.....

   def __str__(self):

       if self.im>=0:

           return f"{self.re}+{self.im}i"

       else:

           return f"{self.re}{self.im}i"

We can now recheck the output:

dunder-methods-python

Now our object gets printed in a better way. But still, if we try to do the process in our notebook, the __str__ method is not called:

dunder-methods-python

This happens because we aren’t printing in the above code, and thus the __str__ method doesn’t get called. In this case, another magic method called __repr__ gets called instead. As a result, we can just add this in our class to get the same result as a print. Its a dunder method inside a dunder method. Pretty nice!

def __repr__(self):

   return self.__str__()

 

3. Im Catching on. So, Is That How the Len Method Works Too?

len() is another function that works with strings, lists and matrices, among others. To use this function with our complex numbers class, we can use the __len__ magic method, even though this is really not a valid use case for complex numbers as the return type of __len__ needs to be an int, as per the documentation.

class Complex:

   def __init__(self, re=0, im=0):

       self.re = re

       self.im = im

   ......

   ......

   def __len__(self):

       # This function return type needs to be an int

       return int(math.sqrt(self.re**2 + self.im**2))

Here is its usage:

dunder-methods-python

 

4. But What About the Assignment Operations?

We know how the + operator works with an object. But have you wondered why the += operator works? For example:

myStr = "This blog"

otherStr = " is awesome"

myStr+=otherStr

print(myStr)

This brings us to another set of dunder methods called assignment methods that include __iadd__, __isub__, __imul__, __itruediv__, and many others.

So, if we just add the method __iadd__ to our class, we would be able to make assignment-based additions too.

class Complex:

   .....

   def __iadd__(self, other):

       if isinstance(other, int) or isinstance(other, float):

           return Complex(self.re + other,self.im)

       elif  isinstance(other, Complex):

           return Complex(self.re + other.re , self.im + other.im)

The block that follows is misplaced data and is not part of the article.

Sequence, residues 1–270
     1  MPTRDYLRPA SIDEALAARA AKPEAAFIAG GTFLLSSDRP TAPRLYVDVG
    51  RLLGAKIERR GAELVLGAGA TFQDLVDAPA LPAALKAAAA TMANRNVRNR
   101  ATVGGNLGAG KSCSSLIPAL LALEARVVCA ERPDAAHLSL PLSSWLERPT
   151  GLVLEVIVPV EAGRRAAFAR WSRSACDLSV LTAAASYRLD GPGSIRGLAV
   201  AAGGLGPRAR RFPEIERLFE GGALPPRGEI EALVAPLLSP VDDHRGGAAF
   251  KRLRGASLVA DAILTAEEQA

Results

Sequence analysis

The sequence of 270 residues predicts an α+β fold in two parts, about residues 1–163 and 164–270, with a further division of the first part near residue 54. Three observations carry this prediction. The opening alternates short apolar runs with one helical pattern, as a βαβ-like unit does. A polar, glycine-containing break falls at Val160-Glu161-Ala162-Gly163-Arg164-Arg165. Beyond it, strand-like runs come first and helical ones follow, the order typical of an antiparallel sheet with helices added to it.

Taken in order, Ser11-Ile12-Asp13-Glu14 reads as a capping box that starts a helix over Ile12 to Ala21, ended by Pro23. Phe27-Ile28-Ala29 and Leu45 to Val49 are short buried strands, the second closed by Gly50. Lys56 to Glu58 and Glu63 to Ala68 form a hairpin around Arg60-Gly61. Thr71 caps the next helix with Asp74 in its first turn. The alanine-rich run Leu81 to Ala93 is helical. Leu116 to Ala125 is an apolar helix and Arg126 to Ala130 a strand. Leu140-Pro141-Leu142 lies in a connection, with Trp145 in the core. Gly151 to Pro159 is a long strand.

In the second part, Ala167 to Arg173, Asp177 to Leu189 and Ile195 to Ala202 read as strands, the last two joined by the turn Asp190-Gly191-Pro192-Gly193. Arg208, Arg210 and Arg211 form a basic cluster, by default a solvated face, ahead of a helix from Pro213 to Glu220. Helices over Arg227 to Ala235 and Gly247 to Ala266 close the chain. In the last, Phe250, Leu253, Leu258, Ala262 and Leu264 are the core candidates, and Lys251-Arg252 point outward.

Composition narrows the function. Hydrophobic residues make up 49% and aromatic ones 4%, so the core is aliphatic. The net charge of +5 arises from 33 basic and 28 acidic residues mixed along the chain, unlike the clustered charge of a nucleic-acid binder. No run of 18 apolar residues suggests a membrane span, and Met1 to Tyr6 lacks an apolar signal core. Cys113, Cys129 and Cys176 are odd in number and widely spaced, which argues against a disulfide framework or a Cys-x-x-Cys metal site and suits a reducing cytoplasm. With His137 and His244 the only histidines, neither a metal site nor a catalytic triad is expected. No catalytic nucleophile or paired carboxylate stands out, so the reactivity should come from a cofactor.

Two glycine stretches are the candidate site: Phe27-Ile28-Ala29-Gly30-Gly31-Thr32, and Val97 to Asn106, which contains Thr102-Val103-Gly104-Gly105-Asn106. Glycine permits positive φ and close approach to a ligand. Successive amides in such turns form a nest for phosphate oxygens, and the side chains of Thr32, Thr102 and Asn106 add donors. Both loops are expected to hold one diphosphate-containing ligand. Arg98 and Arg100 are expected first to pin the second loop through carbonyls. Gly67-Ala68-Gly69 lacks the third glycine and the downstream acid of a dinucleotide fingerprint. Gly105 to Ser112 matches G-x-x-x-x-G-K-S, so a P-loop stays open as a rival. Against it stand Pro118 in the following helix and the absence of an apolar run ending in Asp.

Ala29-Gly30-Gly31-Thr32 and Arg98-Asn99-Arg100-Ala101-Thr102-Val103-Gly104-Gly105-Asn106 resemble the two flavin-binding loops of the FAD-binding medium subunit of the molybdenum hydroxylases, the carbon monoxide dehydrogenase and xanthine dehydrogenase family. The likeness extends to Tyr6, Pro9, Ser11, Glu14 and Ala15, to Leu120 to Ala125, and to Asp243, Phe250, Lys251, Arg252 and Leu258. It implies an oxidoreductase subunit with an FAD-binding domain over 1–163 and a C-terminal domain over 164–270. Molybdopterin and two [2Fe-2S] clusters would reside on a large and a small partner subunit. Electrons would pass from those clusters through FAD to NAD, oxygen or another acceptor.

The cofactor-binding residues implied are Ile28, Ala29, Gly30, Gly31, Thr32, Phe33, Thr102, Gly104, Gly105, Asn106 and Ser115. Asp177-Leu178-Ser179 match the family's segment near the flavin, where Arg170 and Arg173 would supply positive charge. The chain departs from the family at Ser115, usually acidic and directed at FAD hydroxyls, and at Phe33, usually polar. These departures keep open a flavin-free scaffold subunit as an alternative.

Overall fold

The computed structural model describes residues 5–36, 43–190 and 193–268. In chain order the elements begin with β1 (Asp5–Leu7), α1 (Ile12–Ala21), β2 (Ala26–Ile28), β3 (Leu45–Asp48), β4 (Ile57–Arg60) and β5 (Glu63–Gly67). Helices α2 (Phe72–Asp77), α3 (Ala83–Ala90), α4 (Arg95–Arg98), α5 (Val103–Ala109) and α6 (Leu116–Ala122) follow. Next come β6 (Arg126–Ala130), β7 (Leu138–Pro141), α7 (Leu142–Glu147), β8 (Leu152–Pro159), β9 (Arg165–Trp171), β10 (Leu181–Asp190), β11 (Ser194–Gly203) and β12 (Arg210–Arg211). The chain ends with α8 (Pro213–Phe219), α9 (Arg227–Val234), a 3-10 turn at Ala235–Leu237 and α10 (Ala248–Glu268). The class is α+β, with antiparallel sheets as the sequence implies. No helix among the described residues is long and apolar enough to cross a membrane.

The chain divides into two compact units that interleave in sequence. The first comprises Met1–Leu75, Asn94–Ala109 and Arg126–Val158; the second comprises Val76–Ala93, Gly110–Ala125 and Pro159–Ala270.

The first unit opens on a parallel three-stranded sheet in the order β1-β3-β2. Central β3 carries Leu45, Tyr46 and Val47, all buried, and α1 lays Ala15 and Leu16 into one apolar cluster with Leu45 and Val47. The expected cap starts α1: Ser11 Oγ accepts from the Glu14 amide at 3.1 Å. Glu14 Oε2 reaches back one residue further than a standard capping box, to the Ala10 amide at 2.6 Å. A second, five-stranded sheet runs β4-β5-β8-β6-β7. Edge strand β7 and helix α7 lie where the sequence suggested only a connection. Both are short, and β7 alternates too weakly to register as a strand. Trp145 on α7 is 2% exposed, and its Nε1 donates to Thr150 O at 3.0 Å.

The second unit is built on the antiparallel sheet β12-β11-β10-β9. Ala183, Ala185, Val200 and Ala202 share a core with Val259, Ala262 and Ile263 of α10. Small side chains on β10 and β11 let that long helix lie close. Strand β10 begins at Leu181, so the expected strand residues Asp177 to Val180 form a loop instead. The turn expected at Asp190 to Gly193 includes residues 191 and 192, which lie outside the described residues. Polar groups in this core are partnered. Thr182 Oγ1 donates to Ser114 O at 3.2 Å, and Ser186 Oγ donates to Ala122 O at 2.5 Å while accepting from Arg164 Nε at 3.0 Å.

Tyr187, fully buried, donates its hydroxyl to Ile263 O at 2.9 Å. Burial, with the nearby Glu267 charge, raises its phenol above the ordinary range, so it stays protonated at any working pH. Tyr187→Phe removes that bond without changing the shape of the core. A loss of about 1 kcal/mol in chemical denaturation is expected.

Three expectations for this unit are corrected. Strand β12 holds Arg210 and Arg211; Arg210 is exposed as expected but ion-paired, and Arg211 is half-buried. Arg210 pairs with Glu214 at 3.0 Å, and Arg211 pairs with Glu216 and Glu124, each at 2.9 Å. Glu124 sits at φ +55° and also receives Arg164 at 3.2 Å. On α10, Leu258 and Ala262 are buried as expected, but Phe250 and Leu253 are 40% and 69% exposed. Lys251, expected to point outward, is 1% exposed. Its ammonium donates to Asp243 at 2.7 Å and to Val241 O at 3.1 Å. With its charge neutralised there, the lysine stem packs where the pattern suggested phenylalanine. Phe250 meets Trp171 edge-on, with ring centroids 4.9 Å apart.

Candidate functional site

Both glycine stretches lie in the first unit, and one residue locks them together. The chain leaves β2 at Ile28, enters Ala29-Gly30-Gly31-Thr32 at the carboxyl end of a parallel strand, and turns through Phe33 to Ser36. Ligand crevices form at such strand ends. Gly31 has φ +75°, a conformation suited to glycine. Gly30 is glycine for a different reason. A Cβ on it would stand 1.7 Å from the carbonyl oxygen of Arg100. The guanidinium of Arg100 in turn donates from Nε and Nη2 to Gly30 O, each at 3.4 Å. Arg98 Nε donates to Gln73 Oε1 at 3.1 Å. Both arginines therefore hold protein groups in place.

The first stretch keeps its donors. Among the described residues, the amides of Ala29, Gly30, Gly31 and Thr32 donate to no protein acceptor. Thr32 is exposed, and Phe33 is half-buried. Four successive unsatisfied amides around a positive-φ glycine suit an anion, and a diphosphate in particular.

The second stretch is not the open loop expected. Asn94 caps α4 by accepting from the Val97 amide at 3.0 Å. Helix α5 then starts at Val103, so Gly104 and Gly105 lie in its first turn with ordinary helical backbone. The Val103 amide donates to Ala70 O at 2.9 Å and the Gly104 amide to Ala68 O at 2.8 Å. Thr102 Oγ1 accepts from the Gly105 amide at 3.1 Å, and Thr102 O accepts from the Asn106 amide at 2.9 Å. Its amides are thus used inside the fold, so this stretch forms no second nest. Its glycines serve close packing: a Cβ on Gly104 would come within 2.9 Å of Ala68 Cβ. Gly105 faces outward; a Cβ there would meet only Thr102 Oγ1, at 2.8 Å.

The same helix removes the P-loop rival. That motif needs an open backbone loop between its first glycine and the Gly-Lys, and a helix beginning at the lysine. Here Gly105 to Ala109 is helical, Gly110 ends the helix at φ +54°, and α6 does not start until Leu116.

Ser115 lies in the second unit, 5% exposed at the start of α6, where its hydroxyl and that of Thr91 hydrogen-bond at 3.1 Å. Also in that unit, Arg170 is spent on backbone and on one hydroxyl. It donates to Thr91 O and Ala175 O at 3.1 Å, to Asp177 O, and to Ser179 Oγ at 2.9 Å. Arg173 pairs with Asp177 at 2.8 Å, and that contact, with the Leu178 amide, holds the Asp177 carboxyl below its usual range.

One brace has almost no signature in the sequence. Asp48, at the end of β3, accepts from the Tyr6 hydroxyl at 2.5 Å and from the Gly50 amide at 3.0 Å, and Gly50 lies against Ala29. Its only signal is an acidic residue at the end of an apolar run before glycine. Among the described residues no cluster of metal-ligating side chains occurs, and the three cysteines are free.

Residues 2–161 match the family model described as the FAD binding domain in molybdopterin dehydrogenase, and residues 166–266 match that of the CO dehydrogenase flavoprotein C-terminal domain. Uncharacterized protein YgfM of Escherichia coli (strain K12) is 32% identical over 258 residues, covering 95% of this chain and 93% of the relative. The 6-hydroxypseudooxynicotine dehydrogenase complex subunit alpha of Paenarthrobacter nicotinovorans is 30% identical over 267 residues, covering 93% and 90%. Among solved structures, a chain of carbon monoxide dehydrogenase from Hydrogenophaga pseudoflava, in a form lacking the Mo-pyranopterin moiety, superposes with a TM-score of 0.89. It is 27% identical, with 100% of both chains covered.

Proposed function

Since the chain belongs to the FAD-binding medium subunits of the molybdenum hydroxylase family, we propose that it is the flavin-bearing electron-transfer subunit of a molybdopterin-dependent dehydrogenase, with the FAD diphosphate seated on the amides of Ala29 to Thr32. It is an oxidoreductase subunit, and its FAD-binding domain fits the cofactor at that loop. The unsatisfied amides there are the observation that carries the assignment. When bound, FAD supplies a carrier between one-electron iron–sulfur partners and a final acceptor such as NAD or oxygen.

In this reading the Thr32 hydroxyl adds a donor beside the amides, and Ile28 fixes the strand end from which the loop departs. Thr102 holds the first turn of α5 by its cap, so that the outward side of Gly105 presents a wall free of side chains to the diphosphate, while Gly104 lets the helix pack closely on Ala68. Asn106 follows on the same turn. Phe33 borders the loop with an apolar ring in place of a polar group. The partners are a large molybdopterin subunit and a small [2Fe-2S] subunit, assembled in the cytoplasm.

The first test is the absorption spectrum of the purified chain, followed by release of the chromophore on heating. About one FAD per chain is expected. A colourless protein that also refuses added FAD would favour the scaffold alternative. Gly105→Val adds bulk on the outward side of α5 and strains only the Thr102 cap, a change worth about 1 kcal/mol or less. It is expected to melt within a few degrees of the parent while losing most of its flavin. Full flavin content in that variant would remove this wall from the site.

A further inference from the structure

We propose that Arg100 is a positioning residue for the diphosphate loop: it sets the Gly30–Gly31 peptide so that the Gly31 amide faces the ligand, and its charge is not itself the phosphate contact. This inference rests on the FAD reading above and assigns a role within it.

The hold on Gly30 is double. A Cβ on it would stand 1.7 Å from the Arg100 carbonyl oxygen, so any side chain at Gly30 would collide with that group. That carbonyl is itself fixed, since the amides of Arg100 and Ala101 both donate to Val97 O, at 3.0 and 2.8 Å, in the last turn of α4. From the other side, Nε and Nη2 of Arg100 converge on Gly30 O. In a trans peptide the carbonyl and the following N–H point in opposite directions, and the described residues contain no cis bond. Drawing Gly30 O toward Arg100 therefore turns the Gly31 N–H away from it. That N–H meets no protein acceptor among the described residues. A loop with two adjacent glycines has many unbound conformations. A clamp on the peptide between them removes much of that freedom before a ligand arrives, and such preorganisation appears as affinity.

else:

           raise TypeError

And use it as:

dunder-methods-python

 

5. Can Your Class Object Support Indexing?

Sometimes, objects might contain lists, and we might need to index the object to get the value from the list. To understand this, lets take a different example. Imagine you work for a company that helps users trade stock. Each user will have a daily transaction book that will contain information about the users trades/transactions over the course of the day. We can implement such a class by:

class TrasnsactionBook:

   def __init__(self, user_id, shares=[]):

       self.user_id = user_id

       self.shares = shares

   def add_trade(self, name , quantity, buySell):

       self.shares.append([name,quantity,buySell])

   def __getitem__(self, i):

       return self.shares[i]

Do you notice the __getitem__ here? This actually allows us to use indexing on objects of this particular class using this:

dunder-methods-python

We can get the first trade done by the user or the second one based on the index we use. This is just a simple example, but you can set your object up to get a lot more information when you use indexing.

 

Don’t Forget Dunder Methods

Python is a magical language, and there are many constructs in Python that even advanced users may not know about. Dunder methods might be very well one of them. I hope with this post, you get a good glimpse of various dunder methods that Python offers and also understand how to implement them yourself.

Master Data ScienceThe Best Data Science Blogs to Follow in 2021

Expert Contributors

Built In’s expert contributor network publishes thoughtful, solutions-oriented stories written by innovative tech professionals. It is the tech industry’s definitive destination for sharing compelling, first-person accounts of problem-solving on the road to innovation.

Learn More

Great Companies Need Great People. That's Where We Come In.

Recruit With Us